Say what you like about the past, but watch what you write

Say what you like about the past, but watch what you write

We are now well into the “silly season”. It’s that time of year when­­ politicians, celebrities and captains of industry are on holiday, so stories are in short supply. As a result, media outlets have to scratch around for something to fill their empty columns and news broadcasts.

We saw this last week when the BBC reported a manufactured clash between John Humphreys and Lord Melvyn Bragg, those elderly titans of British broadcasting. Humphreys had accused Bragg of allowing guests on his Radio 4 programme In Our Time to get away with repeatedly using the historic present tense when speaking of past events. For anyone unfamiliar with this phenomenon, here’s an imaginary example from the show. Bragg: “Tell us, Professor, what happened when Napoleon decided to invade Russia?” Professor: “So, it’s 1812 and Napoleon gathers his troops on the bank of the Niemen. They cross the river on 23rd June and set off in pursuit of the retreating Russian army.”

It’s not difficult to see why In Our Time guests do this. They feel the need, perhaps unconsciously, to make past events sound more vivid for listeners by referring to them as if they were happening in the present moment. Speaking on the BBC’s World at One programme, Bragg defended the practice by saying that English is always evolving and the use of the historic present tense is just another example of this process. In other words, if everyone is doing it that’s ok, and in any case it’s been around for centuries (Shakespeare, apparently).

He’s right up to a point. English is in constant flux, and a glance at a newspaper or novel written a couple of centuries ago will provide ample evidence of how much the language has changed in that time. However, it’s important to distinguish between passing fashion and permanent change. I’d say that frequent use of the historic present tense is a verbal trend that happens to have gained popularity in the early 21st Century (although football commentators began using it much earlier). It might become more widespread in everyday speech, or just as possibly vanish without trace. Whether or not you find it annoying will depend largely on preference. Personally, I feel patronised when I hear it used by academics on the radio. It’s as if they fear we, their listeners, might be unable to sustain interest in anything that happened earlier than last week. However, it’s their choice and I suppose I can put up with it.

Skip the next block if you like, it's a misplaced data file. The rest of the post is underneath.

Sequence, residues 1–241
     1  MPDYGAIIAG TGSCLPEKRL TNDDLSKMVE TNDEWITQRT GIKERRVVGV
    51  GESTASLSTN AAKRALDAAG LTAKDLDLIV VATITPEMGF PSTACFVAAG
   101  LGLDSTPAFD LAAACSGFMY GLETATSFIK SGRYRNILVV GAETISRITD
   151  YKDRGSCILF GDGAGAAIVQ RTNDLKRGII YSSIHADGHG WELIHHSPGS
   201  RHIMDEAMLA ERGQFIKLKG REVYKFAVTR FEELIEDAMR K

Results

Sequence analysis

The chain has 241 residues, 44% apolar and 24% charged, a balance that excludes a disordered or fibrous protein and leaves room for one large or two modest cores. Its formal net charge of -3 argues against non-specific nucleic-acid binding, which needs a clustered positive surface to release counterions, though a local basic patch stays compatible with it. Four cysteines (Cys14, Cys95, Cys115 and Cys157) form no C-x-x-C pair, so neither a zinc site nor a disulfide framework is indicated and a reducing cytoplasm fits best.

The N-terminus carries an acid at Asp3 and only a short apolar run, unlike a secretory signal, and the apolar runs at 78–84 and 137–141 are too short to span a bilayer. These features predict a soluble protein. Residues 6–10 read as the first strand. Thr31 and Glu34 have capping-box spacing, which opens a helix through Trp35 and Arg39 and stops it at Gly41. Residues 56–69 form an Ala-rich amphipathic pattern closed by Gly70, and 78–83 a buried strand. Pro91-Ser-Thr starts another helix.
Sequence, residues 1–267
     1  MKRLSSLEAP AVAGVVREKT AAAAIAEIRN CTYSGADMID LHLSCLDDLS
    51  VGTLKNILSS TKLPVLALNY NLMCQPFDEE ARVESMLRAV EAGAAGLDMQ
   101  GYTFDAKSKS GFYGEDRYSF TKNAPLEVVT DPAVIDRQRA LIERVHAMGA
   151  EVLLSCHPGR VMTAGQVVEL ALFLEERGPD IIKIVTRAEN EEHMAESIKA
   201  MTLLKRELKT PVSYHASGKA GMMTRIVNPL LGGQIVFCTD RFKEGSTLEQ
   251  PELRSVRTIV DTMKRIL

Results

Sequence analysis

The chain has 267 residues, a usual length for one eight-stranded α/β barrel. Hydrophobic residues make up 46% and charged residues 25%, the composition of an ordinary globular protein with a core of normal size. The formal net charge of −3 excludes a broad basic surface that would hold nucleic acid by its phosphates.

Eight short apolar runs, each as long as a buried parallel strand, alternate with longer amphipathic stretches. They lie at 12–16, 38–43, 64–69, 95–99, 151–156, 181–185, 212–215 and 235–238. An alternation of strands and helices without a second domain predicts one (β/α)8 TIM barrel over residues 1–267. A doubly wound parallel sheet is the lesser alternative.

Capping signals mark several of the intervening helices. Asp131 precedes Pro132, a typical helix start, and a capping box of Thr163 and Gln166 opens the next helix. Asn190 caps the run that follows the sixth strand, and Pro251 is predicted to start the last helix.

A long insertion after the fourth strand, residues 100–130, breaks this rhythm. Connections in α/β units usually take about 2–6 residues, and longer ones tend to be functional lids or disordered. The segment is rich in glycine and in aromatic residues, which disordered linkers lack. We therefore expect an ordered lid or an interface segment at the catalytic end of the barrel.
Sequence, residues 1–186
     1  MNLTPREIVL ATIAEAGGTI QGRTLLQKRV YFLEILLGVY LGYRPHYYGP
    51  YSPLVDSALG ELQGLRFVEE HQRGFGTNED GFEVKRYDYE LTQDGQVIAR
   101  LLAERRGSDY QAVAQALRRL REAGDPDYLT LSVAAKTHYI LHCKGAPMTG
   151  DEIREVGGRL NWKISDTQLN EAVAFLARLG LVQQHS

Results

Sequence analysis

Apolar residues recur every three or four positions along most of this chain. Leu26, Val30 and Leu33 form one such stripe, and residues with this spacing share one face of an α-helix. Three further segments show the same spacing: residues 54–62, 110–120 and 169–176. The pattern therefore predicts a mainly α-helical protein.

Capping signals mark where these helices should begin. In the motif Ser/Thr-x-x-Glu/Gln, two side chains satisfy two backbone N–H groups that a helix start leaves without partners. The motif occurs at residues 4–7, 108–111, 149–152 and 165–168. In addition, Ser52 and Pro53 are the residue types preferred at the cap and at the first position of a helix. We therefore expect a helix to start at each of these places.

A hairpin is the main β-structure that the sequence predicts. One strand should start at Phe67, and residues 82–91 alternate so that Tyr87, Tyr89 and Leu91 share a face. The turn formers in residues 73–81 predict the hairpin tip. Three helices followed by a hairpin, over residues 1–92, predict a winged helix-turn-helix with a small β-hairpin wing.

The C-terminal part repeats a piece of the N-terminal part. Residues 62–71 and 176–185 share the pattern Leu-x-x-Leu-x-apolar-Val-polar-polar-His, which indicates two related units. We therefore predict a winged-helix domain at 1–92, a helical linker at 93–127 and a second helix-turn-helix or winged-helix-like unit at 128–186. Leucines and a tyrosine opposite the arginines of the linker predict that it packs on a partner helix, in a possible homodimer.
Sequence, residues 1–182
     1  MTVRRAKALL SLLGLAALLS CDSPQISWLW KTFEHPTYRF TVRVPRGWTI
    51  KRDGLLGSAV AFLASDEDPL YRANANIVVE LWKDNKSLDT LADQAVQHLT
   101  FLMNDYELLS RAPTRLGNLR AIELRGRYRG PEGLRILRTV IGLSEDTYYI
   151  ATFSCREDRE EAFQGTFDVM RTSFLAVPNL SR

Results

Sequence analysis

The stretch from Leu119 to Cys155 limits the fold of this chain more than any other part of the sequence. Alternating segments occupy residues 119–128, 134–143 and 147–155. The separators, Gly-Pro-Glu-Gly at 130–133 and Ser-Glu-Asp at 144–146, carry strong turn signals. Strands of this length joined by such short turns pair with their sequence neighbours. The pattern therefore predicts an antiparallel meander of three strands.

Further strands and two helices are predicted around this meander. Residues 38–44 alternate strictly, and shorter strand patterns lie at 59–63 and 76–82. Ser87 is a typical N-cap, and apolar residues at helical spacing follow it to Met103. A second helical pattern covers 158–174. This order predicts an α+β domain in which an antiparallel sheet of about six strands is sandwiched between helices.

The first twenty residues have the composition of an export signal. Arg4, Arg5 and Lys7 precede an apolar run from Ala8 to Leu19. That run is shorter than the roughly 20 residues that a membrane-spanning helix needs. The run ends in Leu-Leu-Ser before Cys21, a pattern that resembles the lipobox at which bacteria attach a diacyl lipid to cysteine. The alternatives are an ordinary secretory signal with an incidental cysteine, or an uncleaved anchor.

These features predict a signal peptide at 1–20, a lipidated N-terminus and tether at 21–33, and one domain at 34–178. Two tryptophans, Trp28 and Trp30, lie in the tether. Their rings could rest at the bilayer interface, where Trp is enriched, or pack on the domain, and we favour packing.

Where I do believe the historic present has no place, outside of fiction, is in written English. Clarity of meaning is too important to sacrifice to the ambiguity of trying to sound immediate when writing about the past. Imagine an annual report that stated: “Our sales are up in Q1 and are up again in Q2, although they are down in Q3 and Q4.” Total nonsense. Lord Bragg take note.

Article date

August 7th, 2014

Richard Cheeseman

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